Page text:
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Competency Area 5: Soil conservation AEM

PO 51. Understand the adaptability of tillage systems to various cropping systems.

  1. Livestock-based systems
  2. Conventional cash grain systems
  3. Low-input and organic cash grain systems
  4. Horticultural and vegetable production systems

Low-input and Organic Cash Grain systems

  • Residue Return: Similar to B above.
  • Crop Diversity: Permanent no-tillage is possible in low-input systems withhigh crop diversity, but not on organic grain farms due to weed control problems. Ridge tillage is not an option.
  • Soil Compaction: These operations may be small and therefore the threat of compaction may be limited, in which case no-tillage is an excellent option. In organic systems, farmers may attempt to plow as shallow as possible to reduce tillage intensity.
  • Soil Erosion: A significant threat if plow tillage is used. The effects of plow tillage need to be compensated by return of crop residues, cover crops, composts and manure additions to maintain soil quality.
  • Soil Warming: Not usually a major issue on these farms because crops are typically not planted as early.
  • Weed Control: Plow tillage is the best weed control around, but may be alternated with less intensive tillage such as mulch tillage or occasional no-tillage.
  • Nutrient Management: If compost is applied, ammonia volatilization is not a concern and no incorporation is required.

Horticultural and Vegetable Production systems

  • Residue Return: These cropping systems often include low residue crops and sometimes the whole plant is removed. Soil degradation is a significant concern that needs to be addressed by reducing or eliminating tillage.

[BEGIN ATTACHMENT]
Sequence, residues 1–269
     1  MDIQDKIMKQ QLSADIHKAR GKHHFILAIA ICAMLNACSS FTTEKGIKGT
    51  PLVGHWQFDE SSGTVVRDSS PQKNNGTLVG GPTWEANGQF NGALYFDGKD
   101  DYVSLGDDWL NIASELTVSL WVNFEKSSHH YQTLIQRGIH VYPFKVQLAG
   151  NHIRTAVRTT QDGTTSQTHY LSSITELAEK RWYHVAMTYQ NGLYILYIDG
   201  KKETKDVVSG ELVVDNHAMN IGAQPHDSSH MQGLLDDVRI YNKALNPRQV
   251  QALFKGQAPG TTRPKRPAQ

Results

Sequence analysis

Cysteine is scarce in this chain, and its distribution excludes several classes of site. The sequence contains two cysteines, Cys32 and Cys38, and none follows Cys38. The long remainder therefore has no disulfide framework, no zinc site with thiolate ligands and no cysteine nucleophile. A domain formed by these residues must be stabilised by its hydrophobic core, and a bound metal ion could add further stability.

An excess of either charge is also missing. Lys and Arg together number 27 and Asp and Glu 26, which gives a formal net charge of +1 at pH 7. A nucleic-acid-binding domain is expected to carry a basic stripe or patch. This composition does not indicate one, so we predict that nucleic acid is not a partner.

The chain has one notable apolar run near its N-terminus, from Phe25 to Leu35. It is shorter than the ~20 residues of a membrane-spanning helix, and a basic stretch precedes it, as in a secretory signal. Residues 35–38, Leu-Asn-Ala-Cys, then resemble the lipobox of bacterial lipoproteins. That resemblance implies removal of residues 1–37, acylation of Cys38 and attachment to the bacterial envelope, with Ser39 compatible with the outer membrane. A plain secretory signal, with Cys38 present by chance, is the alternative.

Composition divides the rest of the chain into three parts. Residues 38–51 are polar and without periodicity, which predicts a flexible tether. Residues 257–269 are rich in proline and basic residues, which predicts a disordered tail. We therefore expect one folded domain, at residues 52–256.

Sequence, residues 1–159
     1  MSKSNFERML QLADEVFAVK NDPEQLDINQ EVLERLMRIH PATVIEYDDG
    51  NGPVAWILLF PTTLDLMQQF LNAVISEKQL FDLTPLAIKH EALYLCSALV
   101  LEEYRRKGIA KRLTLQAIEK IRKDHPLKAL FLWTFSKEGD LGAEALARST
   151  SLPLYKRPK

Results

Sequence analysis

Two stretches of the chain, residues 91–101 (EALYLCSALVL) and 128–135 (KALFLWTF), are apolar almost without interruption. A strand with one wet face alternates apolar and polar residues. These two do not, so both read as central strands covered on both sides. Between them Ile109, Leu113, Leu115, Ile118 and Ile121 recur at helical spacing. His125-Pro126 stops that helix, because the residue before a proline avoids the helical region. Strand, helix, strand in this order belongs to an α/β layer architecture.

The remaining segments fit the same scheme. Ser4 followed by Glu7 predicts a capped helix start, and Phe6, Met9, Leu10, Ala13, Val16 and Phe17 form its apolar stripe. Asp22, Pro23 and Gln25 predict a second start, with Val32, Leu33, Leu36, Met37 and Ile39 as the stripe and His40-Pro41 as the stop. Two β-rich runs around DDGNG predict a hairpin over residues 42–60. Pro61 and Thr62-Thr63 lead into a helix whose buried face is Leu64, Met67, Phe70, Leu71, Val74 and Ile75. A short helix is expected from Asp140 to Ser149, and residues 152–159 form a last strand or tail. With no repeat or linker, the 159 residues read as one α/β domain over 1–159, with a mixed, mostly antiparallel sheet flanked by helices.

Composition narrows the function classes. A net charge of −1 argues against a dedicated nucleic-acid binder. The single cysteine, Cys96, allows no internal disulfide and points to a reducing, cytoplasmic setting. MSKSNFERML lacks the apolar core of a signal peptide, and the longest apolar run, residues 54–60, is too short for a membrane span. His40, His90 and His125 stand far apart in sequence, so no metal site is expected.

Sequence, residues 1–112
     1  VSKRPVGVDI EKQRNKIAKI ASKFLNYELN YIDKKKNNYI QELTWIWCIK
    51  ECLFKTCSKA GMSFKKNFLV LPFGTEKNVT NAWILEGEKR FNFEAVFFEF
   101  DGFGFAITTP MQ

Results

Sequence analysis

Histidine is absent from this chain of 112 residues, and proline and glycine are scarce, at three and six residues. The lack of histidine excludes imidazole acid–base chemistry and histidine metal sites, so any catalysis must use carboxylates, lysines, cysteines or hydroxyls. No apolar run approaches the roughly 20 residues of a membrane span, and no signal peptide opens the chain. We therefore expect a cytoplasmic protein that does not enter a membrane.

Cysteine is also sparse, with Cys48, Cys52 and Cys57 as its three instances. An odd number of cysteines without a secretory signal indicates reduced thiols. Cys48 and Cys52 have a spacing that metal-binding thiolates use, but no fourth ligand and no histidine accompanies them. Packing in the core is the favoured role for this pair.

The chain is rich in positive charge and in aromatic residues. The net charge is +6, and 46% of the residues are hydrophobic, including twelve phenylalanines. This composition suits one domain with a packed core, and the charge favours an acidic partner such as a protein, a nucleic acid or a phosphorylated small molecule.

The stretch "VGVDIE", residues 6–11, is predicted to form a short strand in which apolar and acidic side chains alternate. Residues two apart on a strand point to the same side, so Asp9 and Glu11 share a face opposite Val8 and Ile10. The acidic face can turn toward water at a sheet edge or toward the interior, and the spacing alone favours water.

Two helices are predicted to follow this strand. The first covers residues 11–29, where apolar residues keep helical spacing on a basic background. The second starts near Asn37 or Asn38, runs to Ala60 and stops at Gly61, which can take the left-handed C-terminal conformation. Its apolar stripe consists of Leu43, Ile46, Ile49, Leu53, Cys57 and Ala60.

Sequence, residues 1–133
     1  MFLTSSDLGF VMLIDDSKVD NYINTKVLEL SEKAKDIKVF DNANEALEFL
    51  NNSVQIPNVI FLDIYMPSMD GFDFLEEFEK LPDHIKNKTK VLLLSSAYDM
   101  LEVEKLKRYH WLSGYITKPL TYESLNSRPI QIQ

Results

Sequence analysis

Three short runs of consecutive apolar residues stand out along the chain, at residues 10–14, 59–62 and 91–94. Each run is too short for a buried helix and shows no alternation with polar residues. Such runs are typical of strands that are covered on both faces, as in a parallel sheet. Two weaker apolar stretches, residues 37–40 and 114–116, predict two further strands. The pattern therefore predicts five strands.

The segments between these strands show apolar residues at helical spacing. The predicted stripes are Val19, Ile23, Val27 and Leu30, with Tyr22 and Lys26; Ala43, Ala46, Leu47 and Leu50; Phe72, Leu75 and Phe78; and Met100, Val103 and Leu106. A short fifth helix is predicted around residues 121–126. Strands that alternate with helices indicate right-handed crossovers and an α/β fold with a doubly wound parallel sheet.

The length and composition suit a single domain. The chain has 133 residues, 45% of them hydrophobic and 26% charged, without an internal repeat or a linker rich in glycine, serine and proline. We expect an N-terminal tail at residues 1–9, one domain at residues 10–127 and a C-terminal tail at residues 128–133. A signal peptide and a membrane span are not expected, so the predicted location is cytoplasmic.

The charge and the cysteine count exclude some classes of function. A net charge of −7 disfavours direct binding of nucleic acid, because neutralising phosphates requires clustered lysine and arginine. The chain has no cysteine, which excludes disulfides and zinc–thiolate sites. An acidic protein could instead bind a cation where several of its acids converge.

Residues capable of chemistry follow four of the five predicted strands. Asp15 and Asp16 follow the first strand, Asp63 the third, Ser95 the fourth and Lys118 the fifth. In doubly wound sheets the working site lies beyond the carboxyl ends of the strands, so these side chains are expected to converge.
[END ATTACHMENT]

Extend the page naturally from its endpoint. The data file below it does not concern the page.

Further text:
• Crop Diversity: Cropping diversity is often high to manage plant diseases. Therefore, mulch tillage would be recommended. To help with soil improvement it is recommended to plant cover crops and to rotate with field and forage crops that are grown without tillage and return large quantities of crop residue to the soil.
  • Soil Compaction: Soil compaction is a very serious threat on these farms. It may be necessary to do deep tillage to alleviate subsoil compaction or to do shallow tillage if surface compaction is prevalent.
  • Soil Erosion: Wind erosion may be a concern on peat soils used for vegetable production. The solution is wind breaks and/or crop residue. Whatever can be done to reduce tillage intensity will be beneficial to improve soil quality.
  • Soil Warming: Mulch cover keeps soils cool. Zone tillage or clean tillage should be considered.
  • Weed Control: It is important to reduce the production of viable weed seeds and to deplete the weed seed bank. It is also important to prevent perennials from getting a foothold in continuous no-tillage. In practice, no-till may be practiced for a few years, but often needs to be followed by inversion tillage (plow till) to control weeds.
  • Nutrient Management: Tillage is not a major concern for nutrient management in vegetables, except to reduce volatilization when urea is used.